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Eur J Biochem. 2002 Mar;269(6):1678-83.

Increase of the deacylation rate of PBP2x from Streptococcus pneumoniae by single point mutations mimicking the class A beta-lactamases.

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  • 1Laboratoire d'Ingénierie des Macromolécules and Laboratoire de Cristallographie Macromoléculaire, Institut de Biologie Structurale J.-P. Ebel, Grenoble, France.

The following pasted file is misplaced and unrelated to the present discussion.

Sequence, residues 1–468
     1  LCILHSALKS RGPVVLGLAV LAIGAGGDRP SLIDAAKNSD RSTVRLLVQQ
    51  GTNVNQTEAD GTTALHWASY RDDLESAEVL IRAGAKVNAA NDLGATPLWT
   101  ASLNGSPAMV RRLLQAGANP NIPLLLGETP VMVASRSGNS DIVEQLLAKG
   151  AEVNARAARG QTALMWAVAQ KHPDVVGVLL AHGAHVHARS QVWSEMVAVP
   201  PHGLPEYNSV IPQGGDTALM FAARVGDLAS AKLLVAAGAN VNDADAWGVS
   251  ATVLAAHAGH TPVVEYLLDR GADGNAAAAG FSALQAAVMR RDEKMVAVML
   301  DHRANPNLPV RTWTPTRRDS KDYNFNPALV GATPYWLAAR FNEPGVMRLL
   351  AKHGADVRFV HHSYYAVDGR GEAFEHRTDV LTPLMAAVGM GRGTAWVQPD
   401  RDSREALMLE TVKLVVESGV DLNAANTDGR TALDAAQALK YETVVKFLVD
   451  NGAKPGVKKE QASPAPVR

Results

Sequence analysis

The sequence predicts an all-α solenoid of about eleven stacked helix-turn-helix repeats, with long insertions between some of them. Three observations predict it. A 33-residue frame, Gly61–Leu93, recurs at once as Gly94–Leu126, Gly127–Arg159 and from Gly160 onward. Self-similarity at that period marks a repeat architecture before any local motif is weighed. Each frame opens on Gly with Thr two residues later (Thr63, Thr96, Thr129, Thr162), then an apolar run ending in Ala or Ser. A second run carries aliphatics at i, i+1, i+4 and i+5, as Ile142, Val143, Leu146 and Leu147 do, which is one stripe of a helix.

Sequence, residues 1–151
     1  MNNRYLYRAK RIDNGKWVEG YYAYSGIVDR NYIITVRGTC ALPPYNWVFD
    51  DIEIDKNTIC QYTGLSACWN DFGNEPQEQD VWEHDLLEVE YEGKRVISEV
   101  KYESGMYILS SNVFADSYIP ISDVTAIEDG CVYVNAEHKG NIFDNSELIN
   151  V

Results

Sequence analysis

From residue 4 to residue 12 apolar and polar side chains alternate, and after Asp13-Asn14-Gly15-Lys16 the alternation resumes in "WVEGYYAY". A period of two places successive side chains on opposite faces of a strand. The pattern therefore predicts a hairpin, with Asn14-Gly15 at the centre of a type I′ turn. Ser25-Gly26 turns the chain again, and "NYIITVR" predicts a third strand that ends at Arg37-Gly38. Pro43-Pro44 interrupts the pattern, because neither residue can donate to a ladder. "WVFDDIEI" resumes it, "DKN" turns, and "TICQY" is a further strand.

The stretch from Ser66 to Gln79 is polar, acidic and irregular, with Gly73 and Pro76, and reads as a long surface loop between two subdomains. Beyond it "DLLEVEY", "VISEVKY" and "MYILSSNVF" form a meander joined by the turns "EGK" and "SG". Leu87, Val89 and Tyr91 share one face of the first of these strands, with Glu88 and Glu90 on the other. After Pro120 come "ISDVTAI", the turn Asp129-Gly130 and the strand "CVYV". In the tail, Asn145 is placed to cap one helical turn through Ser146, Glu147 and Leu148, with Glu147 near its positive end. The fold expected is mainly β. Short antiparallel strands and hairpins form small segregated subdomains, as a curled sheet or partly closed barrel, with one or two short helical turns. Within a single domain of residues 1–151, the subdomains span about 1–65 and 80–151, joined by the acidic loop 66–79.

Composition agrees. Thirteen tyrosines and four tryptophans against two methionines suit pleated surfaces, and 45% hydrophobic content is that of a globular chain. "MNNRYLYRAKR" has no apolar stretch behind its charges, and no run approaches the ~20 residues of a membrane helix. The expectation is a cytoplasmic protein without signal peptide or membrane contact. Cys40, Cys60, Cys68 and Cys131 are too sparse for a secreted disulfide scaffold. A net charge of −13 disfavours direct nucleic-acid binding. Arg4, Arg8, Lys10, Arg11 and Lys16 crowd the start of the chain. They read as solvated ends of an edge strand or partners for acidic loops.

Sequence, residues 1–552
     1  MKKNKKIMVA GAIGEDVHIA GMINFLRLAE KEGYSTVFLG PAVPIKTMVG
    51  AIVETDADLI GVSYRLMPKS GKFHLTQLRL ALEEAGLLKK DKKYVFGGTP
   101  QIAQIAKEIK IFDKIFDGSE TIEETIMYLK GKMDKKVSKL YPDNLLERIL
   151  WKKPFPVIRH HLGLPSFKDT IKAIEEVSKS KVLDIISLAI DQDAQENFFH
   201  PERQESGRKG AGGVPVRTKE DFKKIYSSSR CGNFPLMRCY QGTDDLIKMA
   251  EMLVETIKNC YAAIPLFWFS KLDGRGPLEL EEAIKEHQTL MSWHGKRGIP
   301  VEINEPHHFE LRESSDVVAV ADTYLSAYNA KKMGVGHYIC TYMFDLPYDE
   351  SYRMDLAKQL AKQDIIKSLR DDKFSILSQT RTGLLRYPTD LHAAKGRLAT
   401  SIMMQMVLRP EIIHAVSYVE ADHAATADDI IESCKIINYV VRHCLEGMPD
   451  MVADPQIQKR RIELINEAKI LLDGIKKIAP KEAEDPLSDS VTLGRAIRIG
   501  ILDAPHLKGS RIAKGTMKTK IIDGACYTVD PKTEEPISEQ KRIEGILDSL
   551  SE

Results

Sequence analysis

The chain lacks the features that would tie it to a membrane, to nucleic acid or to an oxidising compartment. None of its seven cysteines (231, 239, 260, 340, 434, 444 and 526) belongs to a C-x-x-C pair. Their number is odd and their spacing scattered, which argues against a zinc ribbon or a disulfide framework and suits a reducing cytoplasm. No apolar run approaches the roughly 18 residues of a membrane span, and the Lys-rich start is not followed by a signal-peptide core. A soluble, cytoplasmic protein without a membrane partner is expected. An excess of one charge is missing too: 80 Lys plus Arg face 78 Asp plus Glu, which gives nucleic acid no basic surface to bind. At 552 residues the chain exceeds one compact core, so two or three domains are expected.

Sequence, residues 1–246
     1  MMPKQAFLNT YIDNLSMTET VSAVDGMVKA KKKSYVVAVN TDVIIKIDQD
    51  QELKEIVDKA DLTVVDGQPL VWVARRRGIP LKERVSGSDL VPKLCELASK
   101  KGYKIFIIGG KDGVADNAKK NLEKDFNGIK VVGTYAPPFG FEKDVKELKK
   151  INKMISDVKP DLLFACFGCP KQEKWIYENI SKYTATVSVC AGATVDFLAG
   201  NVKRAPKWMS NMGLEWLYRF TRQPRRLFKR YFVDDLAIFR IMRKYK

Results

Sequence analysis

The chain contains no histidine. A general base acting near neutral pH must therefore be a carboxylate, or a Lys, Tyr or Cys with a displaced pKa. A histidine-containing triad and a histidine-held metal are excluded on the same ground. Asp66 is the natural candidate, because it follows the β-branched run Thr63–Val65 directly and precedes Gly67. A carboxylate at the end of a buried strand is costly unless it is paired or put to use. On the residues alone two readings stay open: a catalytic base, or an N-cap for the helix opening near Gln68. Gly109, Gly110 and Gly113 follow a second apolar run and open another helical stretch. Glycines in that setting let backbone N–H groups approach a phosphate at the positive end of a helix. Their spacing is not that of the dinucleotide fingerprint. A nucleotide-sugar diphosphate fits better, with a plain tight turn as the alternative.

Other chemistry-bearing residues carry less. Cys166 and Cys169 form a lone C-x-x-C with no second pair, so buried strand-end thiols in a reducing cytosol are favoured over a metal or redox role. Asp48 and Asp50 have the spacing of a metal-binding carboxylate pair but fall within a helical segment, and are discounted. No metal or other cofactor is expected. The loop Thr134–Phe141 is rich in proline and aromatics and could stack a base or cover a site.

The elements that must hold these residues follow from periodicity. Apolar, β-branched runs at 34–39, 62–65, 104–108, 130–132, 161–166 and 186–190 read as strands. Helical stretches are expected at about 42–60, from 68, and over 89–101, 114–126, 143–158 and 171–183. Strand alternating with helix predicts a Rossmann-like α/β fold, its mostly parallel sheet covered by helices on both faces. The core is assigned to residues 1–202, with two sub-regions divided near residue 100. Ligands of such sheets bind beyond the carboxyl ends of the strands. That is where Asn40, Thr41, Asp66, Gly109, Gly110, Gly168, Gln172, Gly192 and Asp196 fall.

The class A beta-lactamases and the transpeptidase domain of the penicillin-binding proteins (PBPs) share the same topology and conserved active-site residues. They both react with beta-lactams to form acylenzymes. The stability of the PBP acylenzymes results in the inhibition of the transpeptidase function and the antibiotic activity of the beta-lactams. In contrast, the deacylation of the beta-lactamases is extremely fast, resulting in a high turnover of beta-lactam hydrolysis, which confers resistance to these antibiotics. In TEM-1 beta-lactamase from Escherichia coli, Glu166 is required for the fast deacylation and occupies the same spatial location as Phe450 in PBP2x from Streptococcus pneumoniae. To gain insight into the deacylation mechanism of both enzymes, Phe450 of PBP2x was replaced by various residues. The introduction of ionizable side chains increased the deacylation rate, in a pH-dependent manner, for the acidic residues. The aspartic acid-containing variant had a 110-fold faster deacylation at pH 8. The magnitude of this effect is similar to that observed in a naturally occurring variant of PBP2x, which confers increased resistance to cephalosporins.

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